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Physio West | Workplace Injuries & Motor Vehicle Accidents | Physiotherapy, exercise therapy and massage services in Adelaide, South Australia.

Mr/Ms Injury Prone – is this you?

I was that guy….

The one at soccer training always running laps on my own, rehabbing my hamstring strain as I watched the team train from a distance.

I was fragile – breaking down as soon as I tried to make my return in what always seemed to be too early.

But it felt good, I would try and convince myself, as I returned to square one and started the long road to recovery again.

Every team has that guy or girl. The trick is making sure it’s not you!

We can help you with that ….

Hamstring strains are most common in sports that require running at high speed. Over 80% of hamstring strains result from the running action at high speed. In 2015, hamstring strains were the most prevalent injury in the AFL, with 94 hamstring injuries across the competition that season.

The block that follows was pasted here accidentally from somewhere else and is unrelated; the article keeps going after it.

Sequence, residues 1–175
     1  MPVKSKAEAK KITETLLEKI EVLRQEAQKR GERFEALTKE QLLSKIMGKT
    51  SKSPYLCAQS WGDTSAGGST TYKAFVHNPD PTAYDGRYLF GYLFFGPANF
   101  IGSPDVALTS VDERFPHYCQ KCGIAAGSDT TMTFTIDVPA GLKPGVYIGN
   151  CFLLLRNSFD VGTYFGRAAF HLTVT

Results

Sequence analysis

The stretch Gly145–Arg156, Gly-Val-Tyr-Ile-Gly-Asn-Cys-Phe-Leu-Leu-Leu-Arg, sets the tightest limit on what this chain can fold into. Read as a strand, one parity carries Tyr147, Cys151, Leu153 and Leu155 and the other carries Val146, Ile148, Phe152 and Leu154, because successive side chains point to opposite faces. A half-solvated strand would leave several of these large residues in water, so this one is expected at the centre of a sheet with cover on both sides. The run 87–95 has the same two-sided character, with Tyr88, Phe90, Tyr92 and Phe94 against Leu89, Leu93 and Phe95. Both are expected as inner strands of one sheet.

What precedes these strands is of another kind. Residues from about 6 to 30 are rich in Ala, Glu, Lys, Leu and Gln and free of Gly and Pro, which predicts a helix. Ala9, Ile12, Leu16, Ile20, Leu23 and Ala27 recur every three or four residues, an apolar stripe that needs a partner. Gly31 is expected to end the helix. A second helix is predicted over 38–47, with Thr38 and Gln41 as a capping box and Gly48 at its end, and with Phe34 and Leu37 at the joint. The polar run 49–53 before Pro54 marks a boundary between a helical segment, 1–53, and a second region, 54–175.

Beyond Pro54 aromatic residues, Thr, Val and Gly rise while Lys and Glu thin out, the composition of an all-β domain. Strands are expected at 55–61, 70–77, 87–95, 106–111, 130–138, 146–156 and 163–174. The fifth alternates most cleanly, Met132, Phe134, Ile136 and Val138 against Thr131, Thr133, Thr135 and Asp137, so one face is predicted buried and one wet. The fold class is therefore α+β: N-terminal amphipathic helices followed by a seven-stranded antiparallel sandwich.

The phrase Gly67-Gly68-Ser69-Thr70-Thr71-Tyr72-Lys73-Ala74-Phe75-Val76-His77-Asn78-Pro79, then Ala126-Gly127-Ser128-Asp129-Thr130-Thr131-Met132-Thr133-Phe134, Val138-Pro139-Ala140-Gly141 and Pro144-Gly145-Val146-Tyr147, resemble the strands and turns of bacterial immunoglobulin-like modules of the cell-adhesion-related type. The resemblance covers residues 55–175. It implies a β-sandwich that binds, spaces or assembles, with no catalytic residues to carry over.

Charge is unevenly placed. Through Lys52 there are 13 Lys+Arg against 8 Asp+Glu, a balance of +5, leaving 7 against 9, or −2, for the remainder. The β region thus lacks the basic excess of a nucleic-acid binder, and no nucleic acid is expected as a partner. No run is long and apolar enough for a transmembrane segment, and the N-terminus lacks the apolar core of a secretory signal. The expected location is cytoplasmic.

Strains of this nature are commonly stereotyped to the fossil of the team – the veteran who has lost their flexibility and should have considered retirement 5 years ago. However, recent evidence suggests that the key indicator for minimising risk of future hamstring strains is eccentric strength, regardless of age. (Good news for the veterans out there)

 
As with any soft tissue strain, a specific and clearly mapped out gradual return to sport is essential in minimising reoccurrence. Training at high loads is rarely the problem. Instead, it’s how you return to these high loads that leaves people susceptible. Taking a controlled and measured approach is key, as it allows you to achieve specific milestones to be fully cleared for match-day. Make sure you tick all the boxes.